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Disease ⇒ Non-alcoholic fatty liver disease ⇒ Steatohepatitis {40000151}

Record Keys


Type:
Disease
Definition:
Non-alcoholic fatty liver disease
Parent:

Details


Initialisation date:
2020-09-06
Other Terms:
NAFLD, NAFLD, Nonalcoholic Steatohepatitis, NASH

Links


Meta Information


MedDra ID:
10082249
MedDra Level:
pt
ICD:[  ]
Category:
Gastroenterology
Zone:[  ]
Mechanism:[  ]

Notes:


- Low levels of Parabacteroides distasonis lead to the development of NASH and increase cardiovascular risk. (1)
- Decreased levels of Prevotella might be detrimental for adults with NAFLD. (2)

Shared Notes


  • [1.16
    - Metagenome-based gut microbiome panel can accurately diagnose advanced fibrosis
  • [1.7
    - Butyrate-producing bacteria were decreased and ethanol-producing bacteria were increased in patients with NAFLD.
  • [1.17
    -The exercise group showed improvements in the clinical indices of oral environment. Salivary component analysis revealed significant reductions in LPS, and lactoferrin during the exercise regimen.
    - Diversity analysis of oral bacterial flora revealed higher alpha- and beta-diversity after the exercise regimen.
    - Analysis of the microbial composition revealed that the numbers of Campylobacter, Corynebacterium, Actinomyces , and Lautropia were significantly higher, and that of Prevotella was significantly lower.
  • [1.18
    - Some Bacteroides species have been reported to be protective against MAFLD
  • [1.19
    -The family Ruminococcaceae has been consistently reported as less abundant in NAFLD
  • [1.20
    - Patients with NAFLD/NASH exhibit > increased numbers of Bacteroidetes and differences in the presence of Firmicutes > resulting in a decreased F/B ratio.
    - They also present an increased proportion of species belonging to Clostridium, Anaerobacter, Streptococcus, Escherichia, and Lactobacillus, whereas Oscillibacter, Flavonifaractor, Odoribacter, and Alistipes spp. are less prominent.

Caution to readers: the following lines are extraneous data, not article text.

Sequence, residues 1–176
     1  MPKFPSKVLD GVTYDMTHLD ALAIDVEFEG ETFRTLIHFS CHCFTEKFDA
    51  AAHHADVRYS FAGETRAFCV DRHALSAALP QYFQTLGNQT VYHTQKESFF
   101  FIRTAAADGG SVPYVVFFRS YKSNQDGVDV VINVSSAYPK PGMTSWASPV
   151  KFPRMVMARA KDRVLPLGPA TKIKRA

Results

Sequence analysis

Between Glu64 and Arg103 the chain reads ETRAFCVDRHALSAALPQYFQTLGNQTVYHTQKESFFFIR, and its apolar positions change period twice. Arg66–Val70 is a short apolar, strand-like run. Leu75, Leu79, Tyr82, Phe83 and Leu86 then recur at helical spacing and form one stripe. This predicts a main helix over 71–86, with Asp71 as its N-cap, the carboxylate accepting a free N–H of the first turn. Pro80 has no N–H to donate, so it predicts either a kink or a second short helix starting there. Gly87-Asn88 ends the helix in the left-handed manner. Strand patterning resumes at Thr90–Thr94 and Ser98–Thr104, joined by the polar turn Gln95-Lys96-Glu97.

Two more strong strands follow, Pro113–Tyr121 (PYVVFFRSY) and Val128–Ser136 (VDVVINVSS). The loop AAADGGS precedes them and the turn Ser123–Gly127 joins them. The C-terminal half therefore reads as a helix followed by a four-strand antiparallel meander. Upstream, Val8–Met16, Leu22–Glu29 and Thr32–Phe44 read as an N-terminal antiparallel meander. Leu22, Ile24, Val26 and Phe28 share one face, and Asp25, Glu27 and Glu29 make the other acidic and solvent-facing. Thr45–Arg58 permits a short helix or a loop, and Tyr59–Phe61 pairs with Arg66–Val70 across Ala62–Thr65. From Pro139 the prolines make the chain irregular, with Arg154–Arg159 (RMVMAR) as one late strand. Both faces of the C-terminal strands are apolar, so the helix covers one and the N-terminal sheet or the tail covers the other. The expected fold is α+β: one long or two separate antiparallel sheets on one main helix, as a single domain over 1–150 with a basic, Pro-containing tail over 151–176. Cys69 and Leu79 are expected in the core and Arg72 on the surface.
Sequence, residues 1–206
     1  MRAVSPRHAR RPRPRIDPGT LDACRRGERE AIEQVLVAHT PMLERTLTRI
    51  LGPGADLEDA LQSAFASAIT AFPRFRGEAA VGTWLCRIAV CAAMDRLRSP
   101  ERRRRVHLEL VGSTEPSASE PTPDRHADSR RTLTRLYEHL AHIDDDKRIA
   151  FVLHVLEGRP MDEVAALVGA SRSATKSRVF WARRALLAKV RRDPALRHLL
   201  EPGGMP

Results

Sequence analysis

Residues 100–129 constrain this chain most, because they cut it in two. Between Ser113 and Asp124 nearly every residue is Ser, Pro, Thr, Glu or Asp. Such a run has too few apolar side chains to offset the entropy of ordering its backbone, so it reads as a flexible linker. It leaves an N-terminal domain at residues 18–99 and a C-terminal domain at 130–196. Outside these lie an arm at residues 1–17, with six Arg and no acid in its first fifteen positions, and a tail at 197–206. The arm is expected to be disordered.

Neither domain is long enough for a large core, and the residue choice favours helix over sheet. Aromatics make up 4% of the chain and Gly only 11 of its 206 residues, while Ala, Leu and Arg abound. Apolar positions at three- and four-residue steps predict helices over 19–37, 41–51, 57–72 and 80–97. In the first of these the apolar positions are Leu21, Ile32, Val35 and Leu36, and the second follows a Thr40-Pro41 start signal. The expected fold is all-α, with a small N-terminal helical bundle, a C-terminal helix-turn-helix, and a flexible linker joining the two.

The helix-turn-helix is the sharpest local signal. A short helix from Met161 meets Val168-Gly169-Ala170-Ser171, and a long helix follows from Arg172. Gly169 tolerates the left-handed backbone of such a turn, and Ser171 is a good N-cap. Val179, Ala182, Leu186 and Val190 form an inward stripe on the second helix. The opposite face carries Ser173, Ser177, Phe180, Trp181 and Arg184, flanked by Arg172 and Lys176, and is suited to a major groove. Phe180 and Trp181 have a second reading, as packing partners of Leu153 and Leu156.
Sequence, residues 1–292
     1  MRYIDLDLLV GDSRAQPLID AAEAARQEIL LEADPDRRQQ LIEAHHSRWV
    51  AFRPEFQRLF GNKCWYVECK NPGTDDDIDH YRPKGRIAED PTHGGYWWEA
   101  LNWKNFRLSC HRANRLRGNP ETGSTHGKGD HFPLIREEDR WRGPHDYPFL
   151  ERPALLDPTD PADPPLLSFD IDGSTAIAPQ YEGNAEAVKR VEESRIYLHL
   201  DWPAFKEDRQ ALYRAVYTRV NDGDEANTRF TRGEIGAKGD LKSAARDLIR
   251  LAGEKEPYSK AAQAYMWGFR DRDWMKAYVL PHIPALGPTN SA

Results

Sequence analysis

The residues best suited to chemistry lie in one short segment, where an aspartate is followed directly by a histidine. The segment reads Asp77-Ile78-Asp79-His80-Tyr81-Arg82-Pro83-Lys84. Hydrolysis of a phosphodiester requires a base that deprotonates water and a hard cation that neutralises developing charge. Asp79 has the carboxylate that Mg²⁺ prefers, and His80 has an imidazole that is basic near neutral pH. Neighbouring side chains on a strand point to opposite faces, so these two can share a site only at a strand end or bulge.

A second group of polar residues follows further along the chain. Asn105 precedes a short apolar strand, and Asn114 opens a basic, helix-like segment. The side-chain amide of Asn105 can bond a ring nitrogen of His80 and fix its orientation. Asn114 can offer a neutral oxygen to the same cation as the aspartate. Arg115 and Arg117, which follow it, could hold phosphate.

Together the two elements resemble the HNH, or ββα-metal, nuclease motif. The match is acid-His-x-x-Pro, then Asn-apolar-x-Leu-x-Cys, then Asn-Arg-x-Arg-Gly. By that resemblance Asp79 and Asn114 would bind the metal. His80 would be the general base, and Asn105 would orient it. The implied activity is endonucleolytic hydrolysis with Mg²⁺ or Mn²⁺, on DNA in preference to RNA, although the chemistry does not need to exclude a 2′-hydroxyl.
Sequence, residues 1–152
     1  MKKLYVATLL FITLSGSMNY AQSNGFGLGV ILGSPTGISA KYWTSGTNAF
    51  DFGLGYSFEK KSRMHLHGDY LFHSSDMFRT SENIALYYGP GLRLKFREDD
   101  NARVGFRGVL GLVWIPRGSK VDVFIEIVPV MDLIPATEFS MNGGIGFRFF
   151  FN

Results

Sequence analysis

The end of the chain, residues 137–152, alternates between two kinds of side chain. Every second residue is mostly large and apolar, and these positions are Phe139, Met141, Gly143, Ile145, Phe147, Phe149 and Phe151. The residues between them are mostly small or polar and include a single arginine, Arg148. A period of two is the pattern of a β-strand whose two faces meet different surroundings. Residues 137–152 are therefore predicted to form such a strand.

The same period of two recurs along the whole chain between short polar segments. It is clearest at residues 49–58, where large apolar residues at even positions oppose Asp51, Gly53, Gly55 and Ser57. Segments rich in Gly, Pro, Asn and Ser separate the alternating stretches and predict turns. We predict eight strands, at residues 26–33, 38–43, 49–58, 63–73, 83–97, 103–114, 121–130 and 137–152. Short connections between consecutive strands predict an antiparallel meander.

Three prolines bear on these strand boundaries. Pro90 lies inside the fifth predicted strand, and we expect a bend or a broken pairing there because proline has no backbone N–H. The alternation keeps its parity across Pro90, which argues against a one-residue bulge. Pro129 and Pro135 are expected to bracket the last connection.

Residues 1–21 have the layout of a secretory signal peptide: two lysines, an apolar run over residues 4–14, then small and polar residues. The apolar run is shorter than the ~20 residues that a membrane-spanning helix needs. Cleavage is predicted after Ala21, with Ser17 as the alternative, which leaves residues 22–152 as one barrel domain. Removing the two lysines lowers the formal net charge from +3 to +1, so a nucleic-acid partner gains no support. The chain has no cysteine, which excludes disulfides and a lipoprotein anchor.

- Patients with NASH show > a higher abundance of Proteobacteria, Enterobacteriaceae, and Escherichia spp., while Faecalibacterium prausnitzii and Akkermansia muciniphila are diminished.
    - Children with NAFLD/NASH have a > decreased proportion of Oscillospira spp. accompanied by an elevated proportion of Dorea, Blautia, Prevotella copri, and Ruminococcus spp.
    - Various metabolites may be involved in the pathogenesis of NAFLD, such as short-chain fatty acids, lipopolysaccharide, bile acids, choline and trimethylamine-N-oxide, and ammonia.
  • [1.22
    - NAFLD patients have the high abundance of Bradyrhizobium, Anaerococcus, Peptoniphilus, Propionibacterium acnes, Dorea, and Ruminococcus, with the low abundance of Oscillospira and Rikenellaceae.
    - In a Chinese cohort, the genera Lactobacillus, Oscillibacter, and Ruminiclostridium have been found to be decreased in obese NAFLD patients, while Faecalibacterium prausnitzii was the only species that presents a different abundance between those with and without NAFLD.
    - For the women cohort, the abundance of several different genera such as Subdoligranulum, Coprococcus, and Coprobacter were negatively correlated with hepatic steatosis
  • [1.23
    - Fatty Liver > increased N, N, N-trimethyl-5-aminovaleric acid
  • - SCFAs are considered to be able to alleviate the development of nonalcoholic fatty liver diseases (NAFLD), which may derive from their potential contribution to regulating fatty acid oxidation, inflammation, and insulin resistance.
  • [1.24
    - When translating these taxonomic shifts into predictive metabolic alterations, namely putative changes on microbial metabolic pathways, results suggested that the consortium was predicted to increase the biosynthesis of BCAA, and to decrease the biosynthesis of AAA and methionine. This is an interesting result, because a decreased BCAA/AAA ratio has been shown to correlate with liver dysfunction in cirrhotic patients.
    - BCAA treatment was shown to ameliorate liver fat accumulation in experimental animal models via increased production of acetic acid by gut microbes
  • [1.25
    - A shift in the metabolic function of intestinal bacteria is predominantly caused by dysbiosis. In the intestine, it leads to an increase in the permeability of intestinal mucosa for LPS and ultimately causes chronic inflammation. Concentration of bacterial metabolites in the blood, such as trimethylamine which is metabolized in the liver to trimethylamine-N-oxide (TMAO) correlates with the severity of steatohepatitis
  • [1.26
    - Exiguobacterium acetylicum leads to increased lipid accumulation in the liver,

Common References